I know that now that the American election is over, many of us are happy to return to nonpolitikin' lives. But as the pundits conduct an endless postmortem of the winners and losers of this election cycle, Business Week has actually provided us something useful-an article that walks us step by step through how various social media tools were front and center.
I like this article not only because it is a social media campaign "how-to", but because it points out an important aspect of all successful social media campaigns--allowing your voters, donors, consumers to express things you may not want to hear.
"Social media also made it easy for some voters to express their frustration with aspects of the electoral process."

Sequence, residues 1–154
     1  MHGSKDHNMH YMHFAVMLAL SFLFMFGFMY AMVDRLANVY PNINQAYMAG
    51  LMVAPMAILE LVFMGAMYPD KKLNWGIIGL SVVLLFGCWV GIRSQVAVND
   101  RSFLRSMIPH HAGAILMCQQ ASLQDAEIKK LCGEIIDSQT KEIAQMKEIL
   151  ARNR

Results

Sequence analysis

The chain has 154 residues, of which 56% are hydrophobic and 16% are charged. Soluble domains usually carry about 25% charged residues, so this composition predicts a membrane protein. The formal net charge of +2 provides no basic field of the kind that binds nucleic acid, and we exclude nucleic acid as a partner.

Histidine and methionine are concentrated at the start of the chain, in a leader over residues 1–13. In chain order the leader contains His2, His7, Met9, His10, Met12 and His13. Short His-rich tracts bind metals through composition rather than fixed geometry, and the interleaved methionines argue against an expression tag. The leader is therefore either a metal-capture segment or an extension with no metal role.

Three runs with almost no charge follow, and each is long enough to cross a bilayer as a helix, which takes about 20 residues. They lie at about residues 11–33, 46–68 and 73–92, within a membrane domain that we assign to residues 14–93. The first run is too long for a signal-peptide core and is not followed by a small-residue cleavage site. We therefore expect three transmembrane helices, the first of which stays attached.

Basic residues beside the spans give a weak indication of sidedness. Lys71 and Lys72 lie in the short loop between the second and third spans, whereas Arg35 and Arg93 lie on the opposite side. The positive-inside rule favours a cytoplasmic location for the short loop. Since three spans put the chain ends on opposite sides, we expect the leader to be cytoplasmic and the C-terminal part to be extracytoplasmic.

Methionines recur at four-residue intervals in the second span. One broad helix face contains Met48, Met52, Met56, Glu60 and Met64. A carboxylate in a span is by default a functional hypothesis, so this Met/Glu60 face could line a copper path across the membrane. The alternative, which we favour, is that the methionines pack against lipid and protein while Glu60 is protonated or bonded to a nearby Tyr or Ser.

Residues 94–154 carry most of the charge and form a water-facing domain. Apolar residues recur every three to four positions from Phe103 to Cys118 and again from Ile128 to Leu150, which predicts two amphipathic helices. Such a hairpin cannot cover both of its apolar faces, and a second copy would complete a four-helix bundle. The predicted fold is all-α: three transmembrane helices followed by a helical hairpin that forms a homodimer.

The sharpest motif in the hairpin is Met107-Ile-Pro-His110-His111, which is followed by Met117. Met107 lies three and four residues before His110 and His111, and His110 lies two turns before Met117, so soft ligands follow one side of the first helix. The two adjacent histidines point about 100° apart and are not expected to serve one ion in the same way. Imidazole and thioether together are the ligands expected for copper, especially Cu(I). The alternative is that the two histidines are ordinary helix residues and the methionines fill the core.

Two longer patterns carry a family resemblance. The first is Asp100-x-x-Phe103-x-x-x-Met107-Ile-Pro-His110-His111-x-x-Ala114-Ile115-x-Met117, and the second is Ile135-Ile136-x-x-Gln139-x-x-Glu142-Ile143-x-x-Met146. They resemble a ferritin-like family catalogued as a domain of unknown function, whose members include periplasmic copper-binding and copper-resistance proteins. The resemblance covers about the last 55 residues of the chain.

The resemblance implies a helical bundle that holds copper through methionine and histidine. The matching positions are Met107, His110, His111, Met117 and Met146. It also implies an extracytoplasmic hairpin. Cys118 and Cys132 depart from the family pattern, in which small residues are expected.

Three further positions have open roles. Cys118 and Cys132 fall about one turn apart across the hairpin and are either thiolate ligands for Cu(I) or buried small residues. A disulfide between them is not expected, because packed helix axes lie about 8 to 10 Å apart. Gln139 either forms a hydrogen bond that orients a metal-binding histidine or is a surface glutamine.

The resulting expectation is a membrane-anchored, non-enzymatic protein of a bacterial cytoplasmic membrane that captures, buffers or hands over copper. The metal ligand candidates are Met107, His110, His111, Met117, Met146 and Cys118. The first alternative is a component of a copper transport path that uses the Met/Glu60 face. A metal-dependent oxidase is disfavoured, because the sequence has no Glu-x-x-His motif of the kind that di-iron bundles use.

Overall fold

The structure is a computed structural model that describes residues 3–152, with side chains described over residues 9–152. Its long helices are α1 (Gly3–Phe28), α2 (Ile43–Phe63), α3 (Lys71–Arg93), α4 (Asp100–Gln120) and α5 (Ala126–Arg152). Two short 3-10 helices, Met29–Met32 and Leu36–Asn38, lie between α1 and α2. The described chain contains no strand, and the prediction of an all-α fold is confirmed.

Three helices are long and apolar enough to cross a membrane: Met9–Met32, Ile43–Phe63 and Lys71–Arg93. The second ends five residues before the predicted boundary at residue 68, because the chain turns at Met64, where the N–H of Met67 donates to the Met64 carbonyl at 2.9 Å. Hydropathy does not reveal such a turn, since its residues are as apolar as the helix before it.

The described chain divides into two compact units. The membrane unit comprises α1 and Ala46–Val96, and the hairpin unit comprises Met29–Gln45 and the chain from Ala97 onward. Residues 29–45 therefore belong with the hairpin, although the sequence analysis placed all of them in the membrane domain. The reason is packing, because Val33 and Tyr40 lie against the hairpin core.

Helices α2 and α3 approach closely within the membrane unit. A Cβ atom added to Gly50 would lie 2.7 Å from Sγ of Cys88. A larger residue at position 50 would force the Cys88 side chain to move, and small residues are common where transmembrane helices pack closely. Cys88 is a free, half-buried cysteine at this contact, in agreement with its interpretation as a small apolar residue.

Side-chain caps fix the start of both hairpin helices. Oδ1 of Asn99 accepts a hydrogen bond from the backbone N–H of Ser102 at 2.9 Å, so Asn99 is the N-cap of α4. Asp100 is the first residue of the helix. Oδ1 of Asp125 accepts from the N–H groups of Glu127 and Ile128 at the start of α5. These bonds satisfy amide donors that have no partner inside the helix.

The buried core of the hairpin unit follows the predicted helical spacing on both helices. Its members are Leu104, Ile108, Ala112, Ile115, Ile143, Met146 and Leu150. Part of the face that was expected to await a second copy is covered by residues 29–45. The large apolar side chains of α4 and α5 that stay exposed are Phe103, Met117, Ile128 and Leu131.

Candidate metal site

I wonder if fear of feedback is what is holding so many of us from getting into the social media fundraising game.
Will starting a blog mean that some of our donors might publicly be able to express concern about how/why we do things? Does facilitating a discussion group mean donors might start giving us advise? Will donors band together and, fear of all fears, want to provide INPUT, become engaged, expect to be a part of the process? Just imagine, this virtual mob, all wanting to say something to you!
Feedback. When I worked at AOL we worked tirelessly to collect it, sort through it, act on it, analyze it. We looked for the negative so that we could act on it to improve our services. How many nonprofits have "donor feedback" as a strategic priority? As part of their yearly plans? Should we?
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